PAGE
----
The Supreme Court earlier this month heard arguments on a relatively common drug case, but there is a chance for this case to set the groundwork, for good or ill, on resolving most of the issues I discussed recently regarding the murky state of privacy protections from the government in the United States.
The particular case argued was the U.S. vs. Antoine Jones, who had been convicted of conspiracy to distribute cocaine in part on the strength of evidence collected by a GPS tracker that had been installed on his car. The police obtained a warrant to install the tracker, but had not done so within the timeframe specified by the warrant. And although the government argued that people should not expect privacy when driving on a public street, so tracking by GPS should not even require a warrant, a lower court tossed the conviction saying that 24x7 GPS tracking went too far. The current case is a result of the government appealing that decision.
In its argument in front of the Supreme Court, the government basically said that there should be no expectation of privacy on the part of someone wandering around in public and that the use of GPS tracking was only an implementation detail. The court had previously ruled that police tracking of people in public by following them was OK without a warrant. But it was clear from the argument transcript that many of the justices thought that the automation of tracking enabled by the use of a GPS tracker was more than a minor difference.
Justice Alito got to the core of the issue when he noted "it seems to me the heart of the problem that's presented by this case and will be presented by other cases involving new technology is that in the pre-computer, pre-Internet age much of the privacy -- I would say most of the privacy -- that people enjoyed was not the result of legal protections or constitutional protections; it was the result simply of the difficulty of traveling around and gathering up information. But with computers, it's now so simple to amass an enormous amount of information about people ..."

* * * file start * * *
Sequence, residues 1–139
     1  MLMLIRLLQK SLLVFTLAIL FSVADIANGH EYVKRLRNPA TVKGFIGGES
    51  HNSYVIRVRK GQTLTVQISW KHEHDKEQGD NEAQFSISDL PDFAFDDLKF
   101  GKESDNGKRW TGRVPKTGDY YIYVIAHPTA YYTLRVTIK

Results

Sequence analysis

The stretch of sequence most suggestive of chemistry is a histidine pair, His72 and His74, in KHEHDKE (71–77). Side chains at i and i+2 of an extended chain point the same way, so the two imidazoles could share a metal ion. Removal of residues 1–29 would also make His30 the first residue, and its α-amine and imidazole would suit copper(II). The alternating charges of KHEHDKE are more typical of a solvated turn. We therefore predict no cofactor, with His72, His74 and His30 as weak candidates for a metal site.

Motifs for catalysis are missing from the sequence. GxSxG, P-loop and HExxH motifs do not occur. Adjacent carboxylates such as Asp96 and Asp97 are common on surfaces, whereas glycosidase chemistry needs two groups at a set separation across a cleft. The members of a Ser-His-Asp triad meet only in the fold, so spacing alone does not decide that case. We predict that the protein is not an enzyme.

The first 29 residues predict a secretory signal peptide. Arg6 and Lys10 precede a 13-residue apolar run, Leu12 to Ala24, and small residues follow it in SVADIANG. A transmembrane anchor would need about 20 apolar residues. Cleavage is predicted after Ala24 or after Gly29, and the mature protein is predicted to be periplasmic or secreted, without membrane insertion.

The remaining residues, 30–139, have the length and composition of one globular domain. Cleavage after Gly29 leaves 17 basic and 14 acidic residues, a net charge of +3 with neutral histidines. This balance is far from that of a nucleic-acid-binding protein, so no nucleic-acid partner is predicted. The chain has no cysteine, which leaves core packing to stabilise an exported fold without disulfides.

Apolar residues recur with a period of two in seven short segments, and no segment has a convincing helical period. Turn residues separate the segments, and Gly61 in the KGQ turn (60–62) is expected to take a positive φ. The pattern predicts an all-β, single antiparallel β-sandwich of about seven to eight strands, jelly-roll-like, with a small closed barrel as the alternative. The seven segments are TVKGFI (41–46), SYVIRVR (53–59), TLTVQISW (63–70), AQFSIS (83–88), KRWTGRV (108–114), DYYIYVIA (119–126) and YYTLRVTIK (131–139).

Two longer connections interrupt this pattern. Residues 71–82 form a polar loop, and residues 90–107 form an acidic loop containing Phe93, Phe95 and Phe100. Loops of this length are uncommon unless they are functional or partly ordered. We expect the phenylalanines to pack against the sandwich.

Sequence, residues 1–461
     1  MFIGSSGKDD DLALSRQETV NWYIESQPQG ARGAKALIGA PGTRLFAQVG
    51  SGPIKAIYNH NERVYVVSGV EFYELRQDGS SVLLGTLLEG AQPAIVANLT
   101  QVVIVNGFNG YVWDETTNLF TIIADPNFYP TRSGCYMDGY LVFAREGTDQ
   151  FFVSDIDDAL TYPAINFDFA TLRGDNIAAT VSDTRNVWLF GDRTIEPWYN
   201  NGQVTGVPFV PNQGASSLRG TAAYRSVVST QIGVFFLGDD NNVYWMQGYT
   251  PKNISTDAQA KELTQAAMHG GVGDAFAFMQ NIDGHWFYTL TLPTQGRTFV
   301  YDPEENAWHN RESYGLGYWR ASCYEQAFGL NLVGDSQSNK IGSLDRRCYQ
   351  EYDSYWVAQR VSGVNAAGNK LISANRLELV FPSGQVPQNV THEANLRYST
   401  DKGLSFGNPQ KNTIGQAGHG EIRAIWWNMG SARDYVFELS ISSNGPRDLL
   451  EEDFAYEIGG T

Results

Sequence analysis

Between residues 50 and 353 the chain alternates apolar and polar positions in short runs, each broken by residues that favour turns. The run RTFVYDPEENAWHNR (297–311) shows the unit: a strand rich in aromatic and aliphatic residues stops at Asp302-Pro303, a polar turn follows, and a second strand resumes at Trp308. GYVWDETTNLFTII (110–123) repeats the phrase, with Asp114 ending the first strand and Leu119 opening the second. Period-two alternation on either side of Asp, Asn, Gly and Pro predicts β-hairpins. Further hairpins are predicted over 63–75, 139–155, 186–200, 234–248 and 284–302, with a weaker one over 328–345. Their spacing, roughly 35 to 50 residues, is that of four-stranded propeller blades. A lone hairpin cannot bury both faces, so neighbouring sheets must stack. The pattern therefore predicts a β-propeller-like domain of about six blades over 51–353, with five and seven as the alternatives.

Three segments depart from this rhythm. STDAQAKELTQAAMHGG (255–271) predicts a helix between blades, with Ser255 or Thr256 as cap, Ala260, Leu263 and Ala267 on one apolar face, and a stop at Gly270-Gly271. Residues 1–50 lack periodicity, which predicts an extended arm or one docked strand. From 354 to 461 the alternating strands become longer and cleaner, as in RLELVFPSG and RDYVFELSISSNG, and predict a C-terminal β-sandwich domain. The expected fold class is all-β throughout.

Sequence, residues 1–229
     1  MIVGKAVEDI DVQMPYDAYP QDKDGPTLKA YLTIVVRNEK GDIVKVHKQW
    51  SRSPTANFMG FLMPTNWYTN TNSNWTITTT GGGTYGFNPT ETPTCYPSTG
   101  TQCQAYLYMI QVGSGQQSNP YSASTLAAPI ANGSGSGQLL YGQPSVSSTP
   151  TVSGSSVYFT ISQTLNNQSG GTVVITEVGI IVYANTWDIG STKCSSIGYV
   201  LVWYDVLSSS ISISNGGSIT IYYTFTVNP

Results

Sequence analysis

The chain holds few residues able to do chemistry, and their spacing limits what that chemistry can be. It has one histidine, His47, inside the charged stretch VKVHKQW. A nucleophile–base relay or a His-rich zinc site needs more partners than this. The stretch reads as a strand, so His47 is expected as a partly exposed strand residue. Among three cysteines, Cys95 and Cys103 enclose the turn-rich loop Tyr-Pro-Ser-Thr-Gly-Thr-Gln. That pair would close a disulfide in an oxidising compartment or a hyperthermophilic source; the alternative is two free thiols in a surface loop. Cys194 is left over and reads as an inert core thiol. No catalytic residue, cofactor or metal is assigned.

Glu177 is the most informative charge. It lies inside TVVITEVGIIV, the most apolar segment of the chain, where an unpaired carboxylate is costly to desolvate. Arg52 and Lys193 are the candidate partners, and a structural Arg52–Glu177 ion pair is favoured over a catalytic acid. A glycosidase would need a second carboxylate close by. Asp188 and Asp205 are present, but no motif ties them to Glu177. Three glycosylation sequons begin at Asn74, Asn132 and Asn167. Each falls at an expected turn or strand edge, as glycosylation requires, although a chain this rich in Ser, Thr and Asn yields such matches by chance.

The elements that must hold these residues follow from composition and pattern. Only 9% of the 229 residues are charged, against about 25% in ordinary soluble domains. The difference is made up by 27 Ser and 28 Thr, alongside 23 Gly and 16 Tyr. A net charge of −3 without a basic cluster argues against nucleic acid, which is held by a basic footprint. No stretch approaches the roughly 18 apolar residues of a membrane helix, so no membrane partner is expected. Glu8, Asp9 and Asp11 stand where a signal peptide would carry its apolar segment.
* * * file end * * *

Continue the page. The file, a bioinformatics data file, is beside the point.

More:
Justice Sotomayor noted that the logical conclusion of the government's position is that every person could be monitored and tracked through their cell phones without the trackers having to get warrants.
It seems to make little difference who is in charge of the government -- the official government position is that it may do everything it can when it comes to tracking activities and opinions of citizens. This government has argued at various times that it should have full access on a whim to cell phone location data, to stored email, to IP addresses of ISP users and, in this case, the ability to use GPS trackers on whoever it wants. The government maintains that it can be trusted to do the right thing and not invade the citizen's rights, but we have a few millennia of experience that counters that assertion.
If the court decides that an unlimited ability to monitor the activities of you and me is going too far, it could form the basis for an understanding of how to approach the many other situations where the technical ability to watch has far outstripped the legal protection against being watched. Kiss your privacy goodbye if the court agrees with the government.
Disclaimer: Lots of people at Harvard have opinions on when it is OK to be watched, and I am one of them. But I do not know of any official university opinion, even if there is one. This column is not it.
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